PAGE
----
Then we took my son to a hospital in Hamra, and the next day I heard that they had come to Sabra and they had taken away the girls. When I came back here I saw my daughter Fatima had been hit with an axe, along with my little girl. I noticed that they had dug a ditch in the ground and they had buried them alive in the ditch. The baby's throat had been slit. I also saw people who had been killed and pregnant women with their stomachs ripped open. About thirty young people had been massacred near our house, without any distinction made as to whether they were Lebanese or Palestinian. They didn't spare anyone; they killed everyone they came across. In the home of our neighbour Ali Salim Fayad, they had killed his wife and children.

My God, what can I say, what can I tell you? They had demolished the shops in Sabra road and dug large ditches where they had buried the victims. I saw about 400 children's corpses. They upturned the earth and buried them. From the twelve members of our neighbour's family, eleven were killed and only one escaped.

Mr Faqih's two daughters were aged 2˝ and 14 at the time of the events.

15. Mohammed Shawqat Abu Roudeina:

I was at home with my father, my mother and my sister. When the shelling started, we were at the home of my father's uncle. There, the shelling started again, and we went into the bedroom, the men staying in the salon. Then we went to a neighbour's house. There were about 25 or more of us. A little later, we heard the cries of a girl who had been injured in the back. Armed men had stationed themselves in the area. Then we heard shooting, screams and strange voices. Aida, my cousin, went up to the shop and turned on the light. A man slit her throat and they dragged her by her hair. She started screaming "Daddy!" then her voice went dead. Her father wanted to follow her. They killed him immediately. That's how they understood that we were in the house. They came down to the floor above us, where they broke and ransacked everything and we heard them calling out to each other, "George, Tony…" When we heard them breaking everything our voices rose, and that's how they knew that we were on the floor below. One of them came down and saw us. He immediately told the others, and they all came down. My father was sitting on a chair, and as soon as he saw them, he kissed me, put some cologne on me and told my mother to take good care of the children. My father's cousin said to his wife, "the children are your responsibility."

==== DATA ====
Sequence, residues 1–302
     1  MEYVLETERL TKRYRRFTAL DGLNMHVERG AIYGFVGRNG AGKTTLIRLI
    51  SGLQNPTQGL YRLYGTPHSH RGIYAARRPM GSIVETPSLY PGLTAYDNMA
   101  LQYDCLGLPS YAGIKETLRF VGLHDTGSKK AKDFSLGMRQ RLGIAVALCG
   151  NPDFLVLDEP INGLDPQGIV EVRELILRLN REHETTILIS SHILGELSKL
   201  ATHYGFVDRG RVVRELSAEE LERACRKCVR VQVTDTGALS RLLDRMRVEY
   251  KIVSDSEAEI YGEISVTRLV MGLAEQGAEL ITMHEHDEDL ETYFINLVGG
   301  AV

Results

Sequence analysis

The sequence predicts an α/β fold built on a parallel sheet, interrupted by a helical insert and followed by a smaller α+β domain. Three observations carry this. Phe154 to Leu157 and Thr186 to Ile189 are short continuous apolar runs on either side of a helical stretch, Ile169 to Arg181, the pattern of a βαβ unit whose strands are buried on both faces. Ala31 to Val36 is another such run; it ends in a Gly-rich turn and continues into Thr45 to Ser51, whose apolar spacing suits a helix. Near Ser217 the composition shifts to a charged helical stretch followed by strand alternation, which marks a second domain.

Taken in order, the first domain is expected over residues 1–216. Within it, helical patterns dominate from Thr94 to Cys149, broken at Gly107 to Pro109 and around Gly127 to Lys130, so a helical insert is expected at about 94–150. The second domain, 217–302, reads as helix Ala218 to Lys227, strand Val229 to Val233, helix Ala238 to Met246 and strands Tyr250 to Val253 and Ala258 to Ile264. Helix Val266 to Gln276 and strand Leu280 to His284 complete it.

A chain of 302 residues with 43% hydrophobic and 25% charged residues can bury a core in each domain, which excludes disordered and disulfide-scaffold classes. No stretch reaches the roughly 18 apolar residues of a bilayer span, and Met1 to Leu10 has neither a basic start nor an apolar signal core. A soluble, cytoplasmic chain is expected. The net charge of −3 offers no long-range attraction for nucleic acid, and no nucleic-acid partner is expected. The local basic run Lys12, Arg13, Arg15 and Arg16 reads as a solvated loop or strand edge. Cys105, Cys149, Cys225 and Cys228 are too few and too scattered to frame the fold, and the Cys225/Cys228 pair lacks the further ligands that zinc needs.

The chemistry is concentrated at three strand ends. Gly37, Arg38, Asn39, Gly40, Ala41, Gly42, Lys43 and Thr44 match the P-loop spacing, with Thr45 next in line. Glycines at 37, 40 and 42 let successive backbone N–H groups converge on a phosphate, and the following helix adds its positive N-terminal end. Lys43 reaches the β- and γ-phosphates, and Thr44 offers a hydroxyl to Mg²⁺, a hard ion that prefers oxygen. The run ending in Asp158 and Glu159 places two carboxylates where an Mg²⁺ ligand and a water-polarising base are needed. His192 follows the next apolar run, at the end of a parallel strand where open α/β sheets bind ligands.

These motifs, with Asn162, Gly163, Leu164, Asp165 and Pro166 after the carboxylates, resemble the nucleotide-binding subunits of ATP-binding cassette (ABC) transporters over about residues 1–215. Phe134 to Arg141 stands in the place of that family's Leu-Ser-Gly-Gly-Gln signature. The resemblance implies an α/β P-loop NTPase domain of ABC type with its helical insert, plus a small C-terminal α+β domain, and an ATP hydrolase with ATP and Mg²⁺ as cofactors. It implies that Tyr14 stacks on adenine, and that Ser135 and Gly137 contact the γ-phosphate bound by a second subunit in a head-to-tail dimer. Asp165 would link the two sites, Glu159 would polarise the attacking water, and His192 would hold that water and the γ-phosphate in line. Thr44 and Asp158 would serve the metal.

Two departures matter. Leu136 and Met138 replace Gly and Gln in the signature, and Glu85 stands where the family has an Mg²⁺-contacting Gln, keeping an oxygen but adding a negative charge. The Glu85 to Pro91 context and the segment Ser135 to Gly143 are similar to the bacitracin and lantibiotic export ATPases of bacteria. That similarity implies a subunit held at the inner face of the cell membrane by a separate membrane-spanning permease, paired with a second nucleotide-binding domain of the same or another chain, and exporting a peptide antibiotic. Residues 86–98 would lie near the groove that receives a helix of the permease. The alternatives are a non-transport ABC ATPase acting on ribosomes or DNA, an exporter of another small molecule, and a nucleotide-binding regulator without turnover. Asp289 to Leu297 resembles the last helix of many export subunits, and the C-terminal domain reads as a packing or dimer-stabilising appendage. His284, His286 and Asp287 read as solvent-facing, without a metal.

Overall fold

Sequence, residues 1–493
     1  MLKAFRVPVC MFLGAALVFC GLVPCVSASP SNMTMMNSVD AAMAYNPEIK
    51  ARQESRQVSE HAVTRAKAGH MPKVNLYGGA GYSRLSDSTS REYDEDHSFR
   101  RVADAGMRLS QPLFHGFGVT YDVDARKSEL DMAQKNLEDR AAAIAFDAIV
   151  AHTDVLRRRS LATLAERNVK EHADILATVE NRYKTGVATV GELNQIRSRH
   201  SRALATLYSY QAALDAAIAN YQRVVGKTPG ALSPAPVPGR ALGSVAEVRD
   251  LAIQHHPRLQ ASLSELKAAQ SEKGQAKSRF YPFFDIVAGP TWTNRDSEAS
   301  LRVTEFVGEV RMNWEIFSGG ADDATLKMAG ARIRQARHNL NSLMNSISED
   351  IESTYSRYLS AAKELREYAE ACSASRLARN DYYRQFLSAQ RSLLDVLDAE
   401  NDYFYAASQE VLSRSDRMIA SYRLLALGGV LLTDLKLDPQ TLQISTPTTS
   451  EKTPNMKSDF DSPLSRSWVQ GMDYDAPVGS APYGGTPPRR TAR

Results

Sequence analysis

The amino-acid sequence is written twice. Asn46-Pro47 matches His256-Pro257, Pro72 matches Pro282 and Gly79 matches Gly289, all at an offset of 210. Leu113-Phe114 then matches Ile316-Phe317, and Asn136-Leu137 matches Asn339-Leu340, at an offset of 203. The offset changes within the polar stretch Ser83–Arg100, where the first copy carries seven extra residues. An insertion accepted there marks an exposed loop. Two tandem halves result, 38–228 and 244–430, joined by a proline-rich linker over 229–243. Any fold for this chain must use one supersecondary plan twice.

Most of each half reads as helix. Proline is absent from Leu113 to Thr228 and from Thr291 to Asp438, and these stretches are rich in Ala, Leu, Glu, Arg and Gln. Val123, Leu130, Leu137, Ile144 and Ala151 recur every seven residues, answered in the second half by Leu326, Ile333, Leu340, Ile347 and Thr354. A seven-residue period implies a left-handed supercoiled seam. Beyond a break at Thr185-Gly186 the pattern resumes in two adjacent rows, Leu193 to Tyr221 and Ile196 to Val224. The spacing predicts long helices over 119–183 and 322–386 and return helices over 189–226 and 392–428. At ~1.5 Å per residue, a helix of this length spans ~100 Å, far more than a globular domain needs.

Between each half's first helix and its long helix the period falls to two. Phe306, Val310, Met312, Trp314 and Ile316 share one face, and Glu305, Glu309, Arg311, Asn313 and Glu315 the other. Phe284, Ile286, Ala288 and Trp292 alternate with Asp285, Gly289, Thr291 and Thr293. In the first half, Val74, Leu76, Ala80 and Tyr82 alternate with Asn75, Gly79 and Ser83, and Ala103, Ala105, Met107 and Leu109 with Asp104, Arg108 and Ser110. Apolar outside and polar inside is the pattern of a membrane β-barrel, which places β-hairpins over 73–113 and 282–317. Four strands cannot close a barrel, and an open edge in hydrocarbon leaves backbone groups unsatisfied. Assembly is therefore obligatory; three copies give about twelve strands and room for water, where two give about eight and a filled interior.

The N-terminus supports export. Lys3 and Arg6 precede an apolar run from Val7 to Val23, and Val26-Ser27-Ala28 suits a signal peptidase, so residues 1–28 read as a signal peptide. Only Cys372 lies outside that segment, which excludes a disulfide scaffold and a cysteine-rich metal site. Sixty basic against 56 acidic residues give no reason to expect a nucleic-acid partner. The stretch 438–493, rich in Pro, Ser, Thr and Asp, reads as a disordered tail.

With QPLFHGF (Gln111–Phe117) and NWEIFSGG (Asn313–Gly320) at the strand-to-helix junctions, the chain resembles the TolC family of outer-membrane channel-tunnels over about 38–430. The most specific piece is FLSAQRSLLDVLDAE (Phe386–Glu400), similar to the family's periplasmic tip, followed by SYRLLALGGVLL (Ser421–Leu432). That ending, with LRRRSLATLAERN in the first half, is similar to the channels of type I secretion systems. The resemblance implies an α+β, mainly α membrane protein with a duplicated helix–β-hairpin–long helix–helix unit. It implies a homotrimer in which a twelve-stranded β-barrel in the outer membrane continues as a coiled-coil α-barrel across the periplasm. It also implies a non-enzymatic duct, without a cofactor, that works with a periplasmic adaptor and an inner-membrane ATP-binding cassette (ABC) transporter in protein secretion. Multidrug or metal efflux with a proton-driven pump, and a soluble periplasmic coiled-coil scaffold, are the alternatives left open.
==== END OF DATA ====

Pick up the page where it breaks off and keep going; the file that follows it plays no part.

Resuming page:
I won't forget. The image of that day is engraved in my memory. They ordered the men to stand against the wall. They made us go out behind them into the road. When I got to the door, I looked up at the red sky, red streaked with flare grenades. Once we arrived at the beginning of the road, we heard the shots aimed at my father and my uncle, as well as some shouting. We walked several metres, flanked by armed men. My cousin saw her father and she started screaming. I saw my father's car, which they had opened and were sitting in. That image is also engraved in my memory, because I asked my mother what they were doing with my father's car but she didn't reply. As we walked along we saw the dead people.

They took us to the Sports Centre, and they placed us there in a room where there was a woman and her children. They brought people there. They took some of them away in cars and killed the others. At that moment, the Israeli tanks were there. Suddenly a mine from the beginning of the Israeli invasion exploded. They ran away, and so did we.

Mr Abu Roudeina lost his father, his pregnant sister, his brother-in-law and three other members of his family.

16. Fadi Abdel Qader Al Sakka:

We had spent the whole of Friday hidden in the house, thinking that the Israelis were going to penetrate the camp.

On Saturday at about midday, while we were still at home, we saw the Israelis arriving at our house. They told us all to come out. I was a little boy of 6 at the time. We came out and they took us to the road to the western side. My father was carrying my little brother; they told him to give the child to my grandmother, who was also with us. They wanted to take away my father and my uncle, so my grandmother asked where they were taking them. Someone told her that they would be back soon. While we were walking, the roads were strewn with dead people and I saw how they were treating people. My father and my uncle never came back after that day when they were taken away.

Mr Al Sakka lost his father and an uncle.

17. Adnan Ali Al Mekdad:

At about 3 pm on Thursday, after the death of Bashir, Sharon made some worrying transfers. There were foreign men surrounding the region. Some people found out about this and fled. My mother saw the armed men, made them some tea and told them she was Lebanese. They told her that they were only after the Palestinians, and that, being Lebanese, she could stay in the area, no-one would bother her, she just had to keep her ID papers with her.

And we were looking for family members, until I saw her hanging from a tree. After that we set about gathering the corpses and burying them.

Mr Adnan Ali Al Mekdad lost his father, his mother and more than forty members of his family.

18. Amal Hussein: